The Ninth Circuit recently denied a petition for rehearing en banc of a panel opinion which found that evidence need not be admissible to be considered at the class certification stage. In response to the denial, Judge Bea authored a passionate dissent, noting the opinion was “plainly wrong” for allowing a paralegal’s declaration to be relied on in lieu of expert testimony.
In Sali v. Corona Regional Medical Center, a group of registered nurses filed a putative class action alleging that a medical center violated California’s wage and hour laws by, among other things, failing to accurately maintain clock-in and clock-out times. The district court held that the class could not be certified because the plaintiff-nurses did not submit admissible evidence to show they suffered damages comparable to the putative class, as required by the typicality element of Rule 23(a). In doing so, the district court refused to consider a declaration submitted by a paralegal employed by the law firm representing the plaintiffs. The paralegal’s declaration stated he created spreadsheets containing data from hundreds of time sheets and found that on average, the medical center’s time policy undercounted clock-in and clock-out times by 8 minutes per shift. The district court pointed out three issues with the paralegal’s declaration: 1) the paralegal lacked personal knowledge of the data in the spreadsheets, and thus could not authenticate the data; 2) the paralegal offered opinion testimony, but was not qualified as an expert; and 3) the paralegal did not have the qualifications to make “cumulative conclusions” and analysis on raw data. On appeal to the Ninth Circuit, the three judge panel held that a motion for class certification need not be accompanied by admissible evidence because the certification decision can be changed later in the litigation.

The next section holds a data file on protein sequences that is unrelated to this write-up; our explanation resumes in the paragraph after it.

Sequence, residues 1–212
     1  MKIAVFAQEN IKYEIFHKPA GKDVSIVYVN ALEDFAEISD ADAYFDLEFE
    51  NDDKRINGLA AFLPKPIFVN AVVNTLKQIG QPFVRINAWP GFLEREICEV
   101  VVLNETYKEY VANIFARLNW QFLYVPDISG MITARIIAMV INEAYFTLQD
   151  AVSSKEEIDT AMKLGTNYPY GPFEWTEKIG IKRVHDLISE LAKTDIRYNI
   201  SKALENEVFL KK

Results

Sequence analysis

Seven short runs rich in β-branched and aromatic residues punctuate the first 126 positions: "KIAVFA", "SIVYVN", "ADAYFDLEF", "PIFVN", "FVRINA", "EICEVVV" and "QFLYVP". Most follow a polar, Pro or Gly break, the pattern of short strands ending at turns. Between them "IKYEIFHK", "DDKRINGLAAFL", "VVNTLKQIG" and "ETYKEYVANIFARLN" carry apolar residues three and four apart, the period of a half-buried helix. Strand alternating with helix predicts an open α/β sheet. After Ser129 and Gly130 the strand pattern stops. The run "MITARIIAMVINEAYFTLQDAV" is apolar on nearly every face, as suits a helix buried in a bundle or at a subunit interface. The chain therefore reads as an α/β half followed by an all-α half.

Judge Bea’s dissent explained how this position is at great odds with controlling Supreme Court authority and most other Circuits that have addressed the issue. The dissent emphasized how the Supreme Court in Wal-Mart v. Dukes set forth a “rigorous” evidentiary standard which requires a plaintiff “must be prepared to prove” Rule 23(a)’s requirements. As explained in the dissent, the bar for class certification must be high because it “sounds the dell knell of the litigation” where class certification is denied, or most often forces settlement if class certification is granted.
By denying the petition for rehearing en banc, the Ninth Circuit has left in place a lax evidentiary standard for Rule 23, which will make it more difficult for defendants to defeat class certification.
The Ninth Circuit’s order denying the petition, along with and Judge Bea’s dissent, is available here.